This main arena of the Exposition covers a tract of ground half a mile long and 500 feet wide. The scene as the visitor enters on the south side, through the great Arch of the States, will be entrancingly beautiful. The long lagoon, with the central island and the adjacent piazzas covered with green, the gondolas and electric launches flitting back and forth beneath the ornate bridges, the immense Zolnay Fountain, typifying "Omaha" seated in a chariot, drawn by American mountain lions, rising from the center of the trifolium—these, surrounded by the nine great buildings, the Administration Arch and the connecting colonnades, fill up a picture of rare perfection. At night, all this. will be lighted by innumerable thou-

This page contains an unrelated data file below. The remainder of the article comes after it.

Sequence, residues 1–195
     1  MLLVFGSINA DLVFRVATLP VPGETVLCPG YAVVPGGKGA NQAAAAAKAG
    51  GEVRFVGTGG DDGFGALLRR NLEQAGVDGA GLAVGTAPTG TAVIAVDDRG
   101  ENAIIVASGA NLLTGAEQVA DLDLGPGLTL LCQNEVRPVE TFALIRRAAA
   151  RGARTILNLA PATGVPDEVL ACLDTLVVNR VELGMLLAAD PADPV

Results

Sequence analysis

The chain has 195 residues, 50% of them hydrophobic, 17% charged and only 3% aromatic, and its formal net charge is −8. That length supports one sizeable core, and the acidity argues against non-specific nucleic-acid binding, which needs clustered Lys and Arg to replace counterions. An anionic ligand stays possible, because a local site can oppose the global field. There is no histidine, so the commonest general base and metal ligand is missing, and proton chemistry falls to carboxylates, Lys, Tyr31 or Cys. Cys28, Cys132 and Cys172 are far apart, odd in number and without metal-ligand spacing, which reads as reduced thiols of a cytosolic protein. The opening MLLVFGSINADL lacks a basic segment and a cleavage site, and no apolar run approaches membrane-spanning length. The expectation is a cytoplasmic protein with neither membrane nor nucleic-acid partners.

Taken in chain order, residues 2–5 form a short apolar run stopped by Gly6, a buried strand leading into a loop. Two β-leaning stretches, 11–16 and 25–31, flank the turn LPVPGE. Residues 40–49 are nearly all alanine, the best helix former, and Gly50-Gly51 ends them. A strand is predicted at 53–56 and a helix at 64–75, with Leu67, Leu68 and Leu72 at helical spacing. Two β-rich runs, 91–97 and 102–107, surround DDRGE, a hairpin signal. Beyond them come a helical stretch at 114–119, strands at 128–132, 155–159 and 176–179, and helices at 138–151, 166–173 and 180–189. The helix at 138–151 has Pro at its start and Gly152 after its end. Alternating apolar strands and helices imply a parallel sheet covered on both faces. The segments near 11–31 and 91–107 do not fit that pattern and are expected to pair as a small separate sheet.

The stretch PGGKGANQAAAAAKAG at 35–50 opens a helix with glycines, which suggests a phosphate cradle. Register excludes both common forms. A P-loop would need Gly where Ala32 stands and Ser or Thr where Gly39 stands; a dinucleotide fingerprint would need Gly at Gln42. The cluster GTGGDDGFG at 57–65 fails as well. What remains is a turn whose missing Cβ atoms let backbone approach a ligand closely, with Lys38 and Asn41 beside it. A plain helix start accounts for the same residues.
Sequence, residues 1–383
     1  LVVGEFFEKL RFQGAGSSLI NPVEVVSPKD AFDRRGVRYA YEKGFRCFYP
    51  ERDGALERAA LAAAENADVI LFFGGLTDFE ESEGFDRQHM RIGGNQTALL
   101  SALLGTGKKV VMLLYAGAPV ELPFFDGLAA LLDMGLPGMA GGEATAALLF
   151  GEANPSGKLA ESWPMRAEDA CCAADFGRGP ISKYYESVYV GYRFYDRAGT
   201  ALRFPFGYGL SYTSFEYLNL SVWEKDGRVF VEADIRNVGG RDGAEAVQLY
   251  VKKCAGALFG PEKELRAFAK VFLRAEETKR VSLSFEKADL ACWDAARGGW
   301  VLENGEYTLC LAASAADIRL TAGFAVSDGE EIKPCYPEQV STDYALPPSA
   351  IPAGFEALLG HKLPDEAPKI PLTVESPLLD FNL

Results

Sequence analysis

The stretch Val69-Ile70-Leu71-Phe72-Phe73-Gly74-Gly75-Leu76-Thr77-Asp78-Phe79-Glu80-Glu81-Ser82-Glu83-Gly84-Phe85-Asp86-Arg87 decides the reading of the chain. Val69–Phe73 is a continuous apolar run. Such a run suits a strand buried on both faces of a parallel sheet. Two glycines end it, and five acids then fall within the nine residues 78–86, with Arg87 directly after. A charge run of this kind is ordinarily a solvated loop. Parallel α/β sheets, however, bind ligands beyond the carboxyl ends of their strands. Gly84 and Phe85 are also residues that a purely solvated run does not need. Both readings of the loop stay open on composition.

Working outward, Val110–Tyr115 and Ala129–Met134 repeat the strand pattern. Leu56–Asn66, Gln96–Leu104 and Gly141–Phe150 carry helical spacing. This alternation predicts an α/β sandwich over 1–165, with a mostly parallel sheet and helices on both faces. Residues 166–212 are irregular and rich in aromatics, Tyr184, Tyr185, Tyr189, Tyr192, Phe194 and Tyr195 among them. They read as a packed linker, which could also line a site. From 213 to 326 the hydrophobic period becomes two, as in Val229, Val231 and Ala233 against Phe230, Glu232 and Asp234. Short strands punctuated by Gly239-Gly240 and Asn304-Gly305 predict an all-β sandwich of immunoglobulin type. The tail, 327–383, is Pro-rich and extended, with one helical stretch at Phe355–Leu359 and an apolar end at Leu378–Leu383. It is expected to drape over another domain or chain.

sands of incandescent lights picking out the border of the lagoon and outlining classic forms of the buildings. domes and minarets, while from the skies will burst the dazzling rays of a dozen enormous searchlights.

But all this is in the cause of education and the higher life of the mortals. Away to the eastward, across Sher-man avenue. is, after all, that which will doubtless prove the most attractive feature of the Exposition. Here